LEED-Bashing: SFI Couldn't Join LEED, So Now It Is Out To Destroy It.
I have called it the Rumble in the Lumberyard; Artist/activist Franke James calls it the War in the Woods. It was the long-running battle by the Sustainable Forestry Initiative (SFI) to get recognition for their wood certification system in the LEED green building certification system, which only recognizes wood certified by the Forestry Stewardship Council (FSC) . I will not go into the merits of their argument here, that has been the subject of many a post that can be found in the related links to the left.
What is more important is that, having failed to get into the LEED rating system, Kathy Abusow and SFI have changed tactics, and now appear to be out to destroy it.
After I wrote Congress Goes Through With Ban On Green Building at Department of Defense, Lawyer Chris Cheatham noted that the ban was rooted in the wood wars, quoting a senator who says he believes LEED inaccurately evaluates wood products:
Sen. Roger Wicker, R-Miss., helped lead the effort to place the language into the appropriations bill on grounds that the Pentagon needed to think more about building products' green qualities over the course of their entire life--from the moment a product's raw materials are extracted from the earth to when that product's components are tossed out or, even better, recycled. This notion, called "life-cycle analysis," has been gaining much momentum in the green building community. And on this front, some groups--including the Green Building Initiative program, a rival to USGBC's LEED--have embraced life-cycle analysis.
In fact, the Green Building Initiative is a sham set up by a former Louisiana Pacific lumber PR executive, Ward Hubbell, for the explicit purpose of creating a rating system that allowed SFI certified wood. It operates out of the offices of his company, Hubbell Communications, which specializes in "Grassroots and Grasstops mobilization", also know as astroturfing. Members and supporters of the Green Building Initiative include the American Chemistry Council, SFI, The American Forest & Paper Association and the Chemical Fabrics and Film Association. It is hardly, as Senator Wicker maintains, a credible standard.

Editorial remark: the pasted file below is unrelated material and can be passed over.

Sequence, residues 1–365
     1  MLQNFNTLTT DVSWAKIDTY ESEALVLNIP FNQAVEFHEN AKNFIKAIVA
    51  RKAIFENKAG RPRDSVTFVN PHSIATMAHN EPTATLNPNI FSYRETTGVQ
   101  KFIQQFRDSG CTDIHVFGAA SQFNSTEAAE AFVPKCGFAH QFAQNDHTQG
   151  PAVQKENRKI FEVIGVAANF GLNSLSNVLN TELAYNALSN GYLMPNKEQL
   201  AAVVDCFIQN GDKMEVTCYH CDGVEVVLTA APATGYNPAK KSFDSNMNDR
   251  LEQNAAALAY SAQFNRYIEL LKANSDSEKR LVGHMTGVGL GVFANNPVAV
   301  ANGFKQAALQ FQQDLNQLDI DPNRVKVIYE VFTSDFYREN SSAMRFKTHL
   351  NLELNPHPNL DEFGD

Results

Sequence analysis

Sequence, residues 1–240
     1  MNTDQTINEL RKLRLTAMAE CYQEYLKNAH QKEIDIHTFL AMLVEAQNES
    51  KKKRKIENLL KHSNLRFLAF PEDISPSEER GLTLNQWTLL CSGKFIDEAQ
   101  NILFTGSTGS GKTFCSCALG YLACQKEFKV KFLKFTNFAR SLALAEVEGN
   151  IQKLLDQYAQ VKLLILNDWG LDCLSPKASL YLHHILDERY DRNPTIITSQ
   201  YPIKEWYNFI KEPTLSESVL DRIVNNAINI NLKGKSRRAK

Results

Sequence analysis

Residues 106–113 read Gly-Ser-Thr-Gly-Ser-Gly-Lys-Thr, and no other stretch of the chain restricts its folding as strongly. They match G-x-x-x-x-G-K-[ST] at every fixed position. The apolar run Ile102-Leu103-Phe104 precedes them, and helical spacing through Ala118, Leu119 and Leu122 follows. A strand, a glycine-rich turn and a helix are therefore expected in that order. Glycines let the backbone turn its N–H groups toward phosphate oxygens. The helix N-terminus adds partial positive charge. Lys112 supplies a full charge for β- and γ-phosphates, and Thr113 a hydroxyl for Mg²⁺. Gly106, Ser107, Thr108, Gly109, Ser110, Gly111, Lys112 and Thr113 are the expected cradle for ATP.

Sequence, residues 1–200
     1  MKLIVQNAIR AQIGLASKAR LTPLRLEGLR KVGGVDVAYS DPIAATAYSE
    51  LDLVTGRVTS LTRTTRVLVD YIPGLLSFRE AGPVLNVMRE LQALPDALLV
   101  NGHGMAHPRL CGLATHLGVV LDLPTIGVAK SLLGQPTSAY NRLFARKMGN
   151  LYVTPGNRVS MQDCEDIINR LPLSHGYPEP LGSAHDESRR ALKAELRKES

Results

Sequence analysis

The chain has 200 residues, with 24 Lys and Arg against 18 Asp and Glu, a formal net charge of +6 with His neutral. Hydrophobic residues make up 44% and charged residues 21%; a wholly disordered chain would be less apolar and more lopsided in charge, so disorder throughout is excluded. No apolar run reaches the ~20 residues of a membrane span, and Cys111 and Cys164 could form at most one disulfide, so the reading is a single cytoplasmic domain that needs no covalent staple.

Republicans like Senator Wicker have taken up the cause of SFI because President Kathy Abusow has wrapped herself in the flag and pronounced it to be the patriotic thing to do. Paula Melton quotes her in BuildingGreen:
"100% of SFI-certified forests are in North America," said Kathy Abusow, president and CEO of SFI. "90% of FSC forests are outside the U.S. You don't have to be a statistician to know that not recognizing SFI is a problem for domestic forests, communities, products, and jobs."
When Paula pressed her, she said "90% of FSC certifications are abroad, and I don't need to go into depth to know that that's an issue. And so I don't."
Well, in fact you do, because it is a meaningless point. FSC happens to be international, but but certifies lots of American wood; SFI was set up by American lumber interests specifically because they didn't like silly things in FSC such as respecting workers' rights and indigenous people. But bashing Europe always plays well in certain political circles. It played particularly well in Maine, which has essentially banned LEED certification because it favors FSC.
Paula connects the dots of the two attacks on LEED :
Senator Roger Wicker and Maine Governor Paul LePage both attempted to make an economic argument for their choices. By promoting FSC lumber, the claim goes, the LEED rating systems harm producers of homegrown forestry products--hurting the economy and killing jobs.
When I covered the Maine story, I concluded:
The issue is a lot bigger than SFI vs FSC and a stupid single point in LEED; it is a question of the survival of the green building movement, as it is rolled back by Republicans in Congress and by anti-green Tea Party controlled State governments.
Indeed, we have to do more than that; we have to start actively pushing back against SFI. It is no longer just another standard for certification; it is now actively working to gut green building. I have no great love for LEED, but this is hurting the entire industry. If you care about green building, then you shouldn't buy SFI.
Read more at BuildingGreen